Bills with a long-term focus on issues advance in the legislative process

March 7, 2019 – A number of bills authored by State Sen. Victoria Spartz (R-Noblesville) that would improve issues facing Indiana recently passed the Senate and will now be considered by the House of Representatives.

Senate Bill 405 would develop risk-limiting audits for election results and processes.

Senate Bill 407 would establish the Economic and Regulatory Policy Task Force to address the long-term fiscal health of the state, improve legislative oversight and reporting, enhance internal controls and audit procedures, increase transparency, and simplify the regulatory environment of small businesses in Indiana.

Senate Bill 545 would improve risk and stress test reporting for pension plans.

Senate Bill 546 would establish the Education Task Force to assess the governance structure of K-12, higher education and workforce development systems as well as decrease regulations and streamline education reporting.

Senate Bill 547 would urge the Legislative Council to task a summer study committee with studying best practices for K-12 education, reassessing science education based on a deeper understanding of subject matter, improving mathematics, geography and personal finance education, and adding entrepreneurship to the K-12 curriculum.

Senate Bill 548 would identify key cost drivers for Medicaid expenditures and reassess payment and legal infrastructure for mental health and addiction treatment services.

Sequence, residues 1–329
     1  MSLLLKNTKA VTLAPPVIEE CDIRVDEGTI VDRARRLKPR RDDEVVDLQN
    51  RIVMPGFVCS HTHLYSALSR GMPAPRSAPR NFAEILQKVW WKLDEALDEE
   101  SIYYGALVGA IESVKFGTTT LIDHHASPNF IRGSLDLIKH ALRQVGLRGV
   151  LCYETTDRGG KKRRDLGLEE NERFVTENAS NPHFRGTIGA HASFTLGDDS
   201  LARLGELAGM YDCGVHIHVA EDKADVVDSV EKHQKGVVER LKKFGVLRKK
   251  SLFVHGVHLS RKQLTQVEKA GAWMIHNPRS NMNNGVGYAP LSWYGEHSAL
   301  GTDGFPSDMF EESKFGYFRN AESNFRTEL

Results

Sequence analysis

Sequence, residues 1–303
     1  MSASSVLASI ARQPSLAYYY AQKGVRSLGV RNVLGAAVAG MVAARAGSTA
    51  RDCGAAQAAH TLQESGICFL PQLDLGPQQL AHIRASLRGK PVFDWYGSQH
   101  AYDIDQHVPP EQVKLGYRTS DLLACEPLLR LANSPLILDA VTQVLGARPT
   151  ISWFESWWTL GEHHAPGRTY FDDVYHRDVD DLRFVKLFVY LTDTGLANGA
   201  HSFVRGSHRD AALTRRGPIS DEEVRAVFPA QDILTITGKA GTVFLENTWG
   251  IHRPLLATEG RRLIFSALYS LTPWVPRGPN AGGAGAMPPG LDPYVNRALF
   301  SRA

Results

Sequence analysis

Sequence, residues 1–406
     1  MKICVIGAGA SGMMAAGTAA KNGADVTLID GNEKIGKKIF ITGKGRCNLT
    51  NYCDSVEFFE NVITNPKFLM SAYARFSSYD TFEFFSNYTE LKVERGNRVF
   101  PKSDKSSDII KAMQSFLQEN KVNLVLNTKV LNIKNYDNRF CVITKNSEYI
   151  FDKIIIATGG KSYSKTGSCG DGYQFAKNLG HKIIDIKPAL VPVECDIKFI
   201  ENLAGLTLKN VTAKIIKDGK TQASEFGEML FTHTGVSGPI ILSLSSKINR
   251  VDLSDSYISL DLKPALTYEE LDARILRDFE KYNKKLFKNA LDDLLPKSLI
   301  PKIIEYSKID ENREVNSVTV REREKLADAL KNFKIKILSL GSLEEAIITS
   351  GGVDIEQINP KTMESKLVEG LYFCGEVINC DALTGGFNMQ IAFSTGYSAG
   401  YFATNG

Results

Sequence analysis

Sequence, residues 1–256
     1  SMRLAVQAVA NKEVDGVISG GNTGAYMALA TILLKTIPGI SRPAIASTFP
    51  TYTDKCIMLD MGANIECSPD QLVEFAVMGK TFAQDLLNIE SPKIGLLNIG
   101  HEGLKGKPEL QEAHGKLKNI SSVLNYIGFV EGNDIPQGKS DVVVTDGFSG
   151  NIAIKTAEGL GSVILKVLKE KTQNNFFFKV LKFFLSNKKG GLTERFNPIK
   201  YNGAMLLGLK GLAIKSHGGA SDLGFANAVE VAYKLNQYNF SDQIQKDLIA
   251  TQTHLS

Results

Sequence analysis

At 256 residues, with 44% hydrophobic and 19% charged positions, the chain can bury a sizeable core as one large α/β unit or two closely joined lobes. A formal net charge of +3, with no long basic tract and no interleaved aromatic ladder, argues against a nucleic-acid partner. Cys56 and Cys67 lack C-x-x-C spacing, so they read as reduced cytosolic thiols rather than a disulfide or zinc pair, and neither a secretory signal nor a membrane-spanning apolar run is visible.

Senate Bill 549 would require school superintendents to submit a financial indicators report (dashboard), created by House Enrolled Act 1315 in 2018, to the school boards. It would also urge the Legislative Council to assign a summer study committee to study the oversight and governance structure of tax increment financing as well as reporting mechanisms between local government units.

Senate Bill 596 would allow the Indiana Supreme Court to expand the youth assistance program for at-risk youth and families.

Senate Concurrent Resolution 16 would urge the Legislative Council to task a summer study committee with assessing the laws and policies concerning the adjudication and rehabilitation of juvenile offenders.

“I have worked with a number of my colleagues this session to fine-tune these and other bills, and I am pleased they are advancing in the legislative process,” Spartz said. “Looking long-term and enhancing government accountability are top priorities for me, and I look forward to now working with representatives in the House to make any necessary changes to these bills.”

For more information on legislation moving through the General Assembly, visit